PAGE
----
Dealing With Irrational, Possibly Nuclear, Enemies
Louis R. Beres, Thomas G. McInerney and Paul E. Vallely
Louis René Beres is a professor of international law at
Last November, we elected a new president. Now, to back up credible U.S. deterrence against a still-growing number of adversaries,
In essence, President Obama must quickly fashion a broad, coherent, and updated strategic doctrine from which effective policy options can be suitably drawn and implemented. Among other major challenges, it will be necessary for the president to modernize our strategic nuclear arsenal, and to reinvigorate all of our associated nuclear capabilities. In hard economic times, especially, this will not be a popular task, but the national security alternatives for
Our nuclear age began with theories of "massive retaliation" and "mutual assured destruction." This ultimately gave way to "flexible response" and "nuclear utilization theory." These strategic doctrines, first conceived solely with reference to the
Although no longer a fashionable military concept at cocktail parties, a pre-emption option must still be made an integral part of any updated U.S. strategic doctrine. International law is not a suicide pact; there are times when a country need not "sit back" and wait to be attacked first by an aggressor. Inevitably, there will be new perils (some perhaps even existential) that may require an effective American resort to "anticipatory self-defense." In some entirely foreseeable circumstances, where enemy rationality cannot be assumed, and where the interception reliability of ballistic missile defense would be low or irrelevant, the only alternative to lawful forms of American pre-emption could be surrender and defeat.
President Obama has not inherited a simple world. Strategic doctrine is always a complex matter, and any improved U.S. plan going forward will have to be creative as well as comprehensive. If, for any reason, (1)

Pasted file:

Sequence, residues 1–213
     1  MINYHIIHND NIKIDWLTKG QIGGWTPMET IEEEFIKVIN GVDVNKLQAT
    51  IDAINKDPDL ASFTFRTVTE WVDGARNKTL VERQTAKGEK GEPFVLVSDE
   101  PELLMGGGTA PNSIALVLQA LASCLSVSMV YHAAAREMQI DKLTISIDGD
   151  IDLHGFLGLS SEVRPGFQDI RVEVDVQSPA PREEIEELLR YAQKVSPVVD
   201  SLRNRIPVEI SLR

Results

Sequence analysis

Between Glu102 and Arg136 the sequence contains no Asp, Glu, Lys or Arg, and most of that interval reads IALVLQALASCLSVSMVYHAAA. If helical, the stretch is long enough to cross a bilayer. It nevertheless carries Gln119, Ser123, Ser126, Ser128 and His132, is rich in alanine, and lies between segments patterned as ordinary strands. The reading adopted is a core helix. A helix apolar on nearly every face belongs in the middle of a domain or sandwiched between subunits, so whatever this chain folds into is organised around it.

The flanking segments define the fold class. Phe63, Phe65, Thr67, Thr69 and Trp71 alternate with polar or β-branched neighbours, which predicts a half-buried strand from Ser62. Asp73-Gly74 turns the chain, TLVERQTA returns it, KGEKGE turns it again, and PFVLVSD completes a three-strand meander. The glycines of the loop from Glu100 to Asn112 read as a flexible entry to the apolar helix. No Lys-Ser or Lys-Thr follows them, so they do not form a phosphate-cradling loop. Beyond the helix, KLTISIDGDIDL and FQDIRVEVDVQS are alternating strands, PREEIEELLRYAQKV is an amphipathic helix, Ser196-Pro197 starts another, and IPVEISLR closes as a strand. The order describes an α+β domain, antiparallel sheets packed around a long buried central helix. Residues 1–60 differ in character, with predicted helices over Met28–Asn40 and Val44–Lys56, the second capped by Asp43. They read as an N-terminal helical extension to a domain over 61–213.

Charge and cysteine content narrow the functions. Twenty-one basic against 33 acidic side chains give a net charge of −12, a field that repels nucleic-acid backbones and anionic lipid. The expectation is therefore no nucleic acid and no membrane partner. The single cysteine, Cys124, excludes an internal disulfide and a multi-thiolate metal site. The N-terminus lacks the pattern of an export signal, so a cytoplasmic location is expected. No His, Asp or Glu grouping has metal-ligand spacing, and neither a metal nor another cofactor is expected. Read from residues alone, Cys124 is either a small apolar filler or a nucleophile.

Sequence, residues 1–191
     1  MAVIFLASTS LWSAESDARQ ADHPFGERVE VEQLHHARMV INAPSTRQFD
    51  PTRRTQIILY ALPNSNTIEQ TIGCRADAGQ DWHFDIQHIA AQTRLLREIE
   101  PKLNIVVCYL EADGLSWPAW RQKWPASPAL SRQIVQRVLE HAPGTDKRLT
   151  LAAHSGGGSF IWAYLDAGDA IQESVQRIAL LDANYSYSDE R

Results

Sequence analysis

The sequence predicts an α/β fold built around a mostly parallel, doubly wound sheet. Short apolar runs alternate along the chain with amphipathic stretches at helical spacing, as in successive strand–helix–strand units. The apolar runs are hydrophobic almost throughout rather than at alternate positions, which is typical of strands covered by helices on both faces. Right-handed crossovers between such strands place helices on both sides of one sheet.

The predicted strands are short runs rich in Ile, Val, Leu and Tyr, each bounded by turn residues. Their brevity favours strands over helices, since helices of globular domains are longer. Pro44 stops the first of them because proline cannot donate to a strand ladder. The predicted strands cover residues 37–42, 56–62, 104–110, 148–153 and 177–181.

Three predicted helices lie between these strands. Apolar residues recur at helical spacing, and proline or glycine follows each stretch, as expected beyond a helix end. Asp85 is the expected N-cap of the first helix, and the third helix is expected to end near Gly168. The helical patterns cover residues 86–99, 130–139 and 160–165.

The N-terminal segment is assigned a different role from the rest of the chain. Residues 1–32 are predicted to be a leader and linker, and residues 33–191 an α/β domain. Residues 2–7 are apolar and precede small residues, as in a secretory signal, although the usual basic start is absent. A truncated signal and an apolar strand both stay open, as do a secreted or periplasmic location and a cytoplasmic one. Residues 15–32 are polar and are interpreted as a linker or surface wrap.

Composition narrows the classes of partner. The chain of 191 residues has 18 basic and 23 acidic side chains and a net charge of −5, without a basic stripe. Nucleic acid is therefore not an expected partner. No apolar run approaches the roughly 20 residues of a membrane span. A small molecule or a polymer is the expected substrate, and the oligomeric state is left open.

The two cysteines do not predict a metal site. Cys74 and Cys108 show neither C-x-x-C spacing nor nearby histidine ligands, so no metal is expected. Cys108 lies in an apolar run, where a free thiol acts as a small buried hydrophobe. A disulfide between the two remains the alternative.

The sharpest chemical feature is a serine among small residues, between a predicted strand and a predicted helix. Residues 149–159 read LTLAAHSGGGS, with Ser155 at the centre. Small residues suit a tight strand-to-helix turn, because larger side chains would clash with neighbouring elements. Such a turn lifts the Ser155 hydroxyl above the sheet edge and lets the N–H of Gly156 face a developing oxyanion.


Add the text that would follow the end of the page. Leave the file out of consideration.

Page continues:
How should we best deter a nuclear adversary, both from launching direct missile attacks, and from dispersing nuclear assets among assorted terrorist proxies? Should President Obama do more to aid and empower the growing Iranian opposition, and/or to strengthen the existing Pakistani government? What shall he do about an already-nuclear
Ironically, as the memory of 9/11 recedes into the past, we Americans have become complacent. A serious biological or nuclear threat to American cities could now come from mundane platforms--cars, trucks, and ships. Of course, ballistic missile defense would be of no use against any such ground-based attacks.
To be taken seriously by our enemies, some of whom are intent upon "bleeding the dragon" (weakening us in small but persistent increments), America's refined and expanded strategic doctrine must be able to confront emergent threats at both ends of the conflict continuum. This means a simultaneous capacity to deal successfully with short-range assaults (terrorism/irregular warfare) and long-range attacks (ballistic missiles and WMD). For the increasingly neglected long-range end of the spectrum, this country now requires a state-of-the-art, lethal, penetrating, persistent, survivable long-range strike aircraft. Soon, with the B-52 still flying, America will have the plainly unenviable distinction of keeping the only 50-year-old aircraft in combat mission status.